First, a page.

"We had a circumstance where we hand built product to deploy into customer locations, and that process was rigorous... Those initial prototypes came alive with photographs of the process and video of the process, and then stories of the actual deployment in some of our customer locations."

This quote illustrates the value of using visuals and narratives to bring the early stages of product development to life, making the process more relatable and interesting to investors.

Talent Attraction and Retention

  • Employee retention is seen as a key indicator of a company's broader success.
  • High levels of churn could negatively impact a company's success due to the high costs associated with finding and training new talent.
  • Being proactive and transparent in the hiring process and staying ahead of employees' needs can improve retention.
  • Diversity in early hires can be beneficial for future recruitment and product development due to varied perspectives and problem-solving abilities.

"I've always wanted to do a study of companies and graph them based on their retention rates and then sort of their relative success."

Andrew expresses a hypothesis that there is a correlation between employee retention rates and the overall success of a company, indicating the importance of keeping talent.

"Staying ahead of an employee's questions and staying ahead of an employee's needs is the best way to retain exceptional talent."

The quote suggests that anticipating and addressing employee concerns proactively is a strategy for retaining top talent within a company.

"I also think doing your absolute level best to fill a team with diverse candidates is not only hard, it is probably the single best thing you can do as an early stage startup."

Andrew advocates for diversity in hiring as a crucial strategy for startups, indicating that it leads to a wider range of perspectives and enhances problem-solving.

Diversity in Hiring

  • Achieving diversity in hiring requires commitment from leadership and a cultural shift within the company.
  • It's important to look beyond personal networks and actively market job opportunities to diverse communities.
  • Investing in reaching out to different networks can improve the candidate pool without compromising on quality.

"If the leadership in an organization doesn't buy in... then it'll never happen."

The quote points out that without leadership commitment to diversity, efforts to diversify the workforce are likely to fail.

"I think spending the time and dollars it takes to go into communities that you have no personal connection with... is a great way to improve your candidate pool."

Andrew emphasizes the need to invest resources into reaching out to communities outside of one's personal network to increase diversity in the candidate pool.

Company as a Product

  • Founders should consider the design of their organization as carefully as they do their products.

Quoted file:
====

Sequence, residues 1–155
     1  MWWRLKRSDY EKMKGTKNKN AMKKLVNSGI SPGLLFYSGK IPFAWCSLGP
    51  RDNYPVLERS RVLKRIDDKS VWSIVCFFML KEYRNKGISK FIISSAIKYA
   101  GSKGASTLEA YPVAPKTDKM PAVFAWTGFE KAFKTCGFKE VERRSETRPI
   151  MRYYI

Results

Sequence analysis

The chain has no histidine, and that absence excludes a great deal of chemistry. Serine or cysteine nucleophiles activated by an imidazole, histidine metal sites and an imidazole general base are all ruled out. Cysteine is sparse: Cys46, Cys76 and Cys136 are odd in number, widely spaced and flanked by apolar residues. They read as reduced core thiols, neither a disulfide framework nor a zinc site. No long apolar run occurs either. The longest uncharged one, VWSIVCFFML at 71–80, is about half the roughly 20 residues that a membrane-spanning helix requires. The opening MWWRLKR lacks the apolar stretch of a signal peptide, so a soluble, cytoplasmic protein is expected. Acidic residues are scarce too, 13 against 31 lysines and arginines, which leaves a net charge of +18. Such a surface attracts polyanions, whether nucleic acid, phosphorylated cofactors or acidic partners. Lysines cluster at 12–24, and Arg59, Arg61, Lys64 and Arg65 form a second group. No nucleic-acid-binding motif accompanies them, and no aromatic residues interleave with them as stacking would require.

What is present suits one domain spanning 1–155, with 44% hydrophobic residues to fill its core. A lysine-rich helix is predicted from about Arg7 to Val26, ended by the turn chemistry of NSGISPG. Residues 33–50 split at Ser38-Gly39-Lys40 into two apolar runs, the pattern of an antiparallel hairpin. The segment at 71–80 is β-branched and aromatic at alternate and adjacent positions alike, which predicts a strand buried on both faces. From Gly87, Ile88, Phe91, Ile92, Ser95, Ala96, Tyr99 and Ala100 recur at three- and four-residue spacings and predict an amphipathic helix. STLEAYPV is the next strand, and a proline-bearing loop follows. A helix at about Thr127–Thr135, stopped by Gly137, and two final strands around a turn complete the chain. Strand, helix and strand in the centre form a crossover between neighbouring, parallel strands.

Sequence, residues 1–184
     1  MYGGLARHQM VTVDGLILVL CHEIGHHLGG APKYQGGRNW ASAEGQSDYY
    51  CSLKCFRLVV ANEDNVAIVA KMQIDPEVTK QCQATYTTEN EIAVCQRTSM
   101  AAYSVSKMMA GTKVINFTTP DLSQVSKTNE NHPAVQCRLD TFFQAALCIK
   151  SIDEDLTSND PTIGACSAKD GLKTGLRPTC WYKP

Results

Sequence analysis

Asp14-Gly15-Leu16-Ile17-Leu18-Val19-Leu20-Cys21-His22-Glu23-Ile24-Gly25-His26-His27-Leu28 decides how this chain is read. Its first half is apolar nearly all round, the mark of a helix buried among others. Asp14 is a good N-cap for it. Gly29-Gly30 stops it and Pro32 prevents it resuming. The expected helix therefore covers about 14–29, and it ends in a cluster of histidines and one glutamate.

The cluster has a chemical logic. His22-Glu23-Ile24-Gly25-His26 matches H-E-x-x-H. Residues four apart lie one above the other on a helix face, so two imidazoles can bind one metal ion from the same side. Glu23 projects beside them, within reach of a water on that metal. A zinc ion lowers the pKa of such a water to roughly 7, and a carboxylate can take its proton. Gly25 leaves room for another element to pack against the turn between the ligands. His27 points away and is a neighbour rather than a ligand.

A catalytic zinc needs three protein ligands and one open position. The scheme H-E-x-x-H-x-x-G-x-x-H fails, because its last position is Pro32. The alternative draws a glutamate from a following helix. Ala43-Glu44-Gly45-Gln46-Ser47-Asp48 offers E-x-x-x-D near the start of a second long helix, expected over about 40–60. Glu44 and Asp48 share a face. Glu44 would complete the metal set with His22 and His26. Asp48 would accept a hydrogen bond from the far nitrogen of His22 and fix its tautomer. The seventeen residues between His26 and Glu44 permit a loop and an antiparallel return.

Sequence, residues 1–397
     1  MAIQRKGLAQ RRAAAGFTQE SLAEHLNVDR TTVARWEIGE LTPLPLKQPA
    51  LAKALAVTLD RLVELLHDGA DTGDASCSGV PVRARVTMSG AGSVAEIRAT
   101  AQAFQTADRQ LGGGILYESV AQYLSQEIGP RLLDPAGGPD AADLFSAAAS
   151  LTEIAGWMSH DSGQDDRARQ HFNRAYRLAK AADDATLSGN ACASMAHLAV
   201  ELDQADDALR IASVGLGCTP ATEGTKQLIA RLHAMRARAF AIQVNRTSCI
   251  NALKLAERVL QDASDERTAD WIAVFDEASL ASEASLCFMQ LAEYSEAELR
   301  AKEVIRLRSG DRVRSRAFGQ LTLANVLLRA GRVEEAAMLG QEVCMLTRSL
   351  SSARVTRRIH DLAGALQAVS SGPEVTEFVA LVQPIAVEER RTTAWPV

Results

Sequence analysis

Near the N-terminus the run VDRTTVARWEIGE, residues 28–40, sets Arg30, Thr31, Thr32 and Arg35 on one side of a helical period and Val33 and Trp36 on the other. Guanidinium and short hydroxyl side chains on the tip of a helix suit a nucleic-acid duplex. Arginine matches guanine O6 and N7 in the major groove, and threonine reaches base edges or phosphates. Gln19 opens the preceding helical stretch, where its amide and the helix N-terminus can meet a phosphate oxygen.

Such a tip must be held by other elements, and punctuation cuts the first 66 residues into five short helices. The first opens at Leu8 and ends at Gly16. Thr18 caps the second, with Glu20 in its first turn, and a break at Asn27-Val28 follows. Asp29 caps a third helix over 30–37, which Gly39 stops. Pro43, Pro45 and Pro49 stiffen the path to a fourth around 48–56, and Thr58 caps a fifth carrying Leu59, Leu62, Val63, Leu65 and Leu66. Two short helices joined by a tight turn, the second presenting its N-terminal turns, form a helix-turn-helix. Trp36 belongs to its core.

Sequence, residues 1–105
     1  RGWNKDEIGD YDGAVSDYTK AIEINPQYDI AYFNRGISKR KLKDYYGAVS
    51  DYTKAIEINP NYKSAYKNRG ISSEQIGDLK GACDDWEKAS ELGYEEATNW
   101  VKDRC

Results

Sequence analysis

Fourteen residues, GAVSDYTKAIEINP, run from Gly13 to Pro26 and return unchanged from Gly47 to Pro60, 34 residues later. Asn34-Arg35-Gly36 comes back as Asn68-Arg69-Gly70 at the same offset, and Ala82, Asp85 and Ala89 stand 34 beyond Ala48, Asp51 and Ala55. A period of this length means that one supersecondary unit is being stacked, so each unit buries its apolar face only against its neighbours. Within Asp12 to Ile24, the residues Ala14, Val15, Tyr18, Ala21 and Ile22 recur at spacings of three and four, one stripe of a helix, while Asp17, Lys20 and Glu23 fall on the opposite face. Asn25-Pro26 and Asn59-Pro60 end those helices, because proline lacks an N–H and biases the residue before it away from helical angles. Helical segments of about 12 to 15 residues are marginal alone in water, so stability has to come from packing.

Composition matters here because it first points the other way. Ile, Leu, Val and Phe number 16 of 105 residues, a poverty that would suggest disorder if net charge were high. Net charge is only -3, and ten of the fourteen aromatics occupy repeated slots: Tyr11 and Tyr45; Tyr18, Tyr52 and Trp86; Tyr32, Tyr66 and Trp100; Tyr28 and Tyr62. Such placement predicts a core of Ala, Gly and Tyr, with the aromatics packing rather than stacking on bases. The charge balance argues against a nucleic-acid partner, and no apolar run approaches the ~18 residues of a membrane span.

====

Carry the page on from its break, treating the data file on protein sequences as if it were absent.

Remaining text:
• The team dynamics and abilities dictate the outcome of the products.
  • Early investment in how a team collaborates, communicates, and resolves conflict can be beneficial for the company's development.

"And when the organization eventually evolves away from that first product, the founder looks up and doesn't recognize the organization they're within."

Andrew warns that founders who neglect organizational design may find themselves in a company that has evolved beyond their original vision.

"The products you ship are a result of the dynamic of the team and its abilities."

This quote highlights the direct impact that team dynamics have on the products and services a company offers.

Internal Processes and Operations

  • No process is seamless, but continuous improvement in internal operations is key.
  • Having a high retention rate is a point of pride and indicative of successful internal processes.
  • Challenges in operations are expected, and acknowledging them is part of growth.

"Well, nothing works seamlessly... Since our founding four years ago, we've never voluntarily lost anyone."

Andrew acknowledges that while no process is perfect, their company's high retention rate is a testament to their successful internal operations and practices.## Understanding Employee Needs and Corporate Culture

  • Recognizing the importance of timely responses to employee requests such as raises.
  • Realizing that by the time an employee asks for a raise, they have likely discussed it many times privately.
  • Emphasizing the need for empathy in understanding employee psychology.
  • The importance of instilling a culture of empathy within the company.
  • Acknowledging personal weaknesses and the impact on team dynamics.
  • The value of recognizing organizational weaknesses to stay ahead of potential issues.

"When someone asks for a raise, I think oftentimes companies think, okay, well, this is the first time I've heard of it, so I can get to this, but it's not, like, necessarily super urgent."

This quote highlights a common corporate misperception regarding the urgency of employee requests, such as for a raise, and the need for a more proactive response.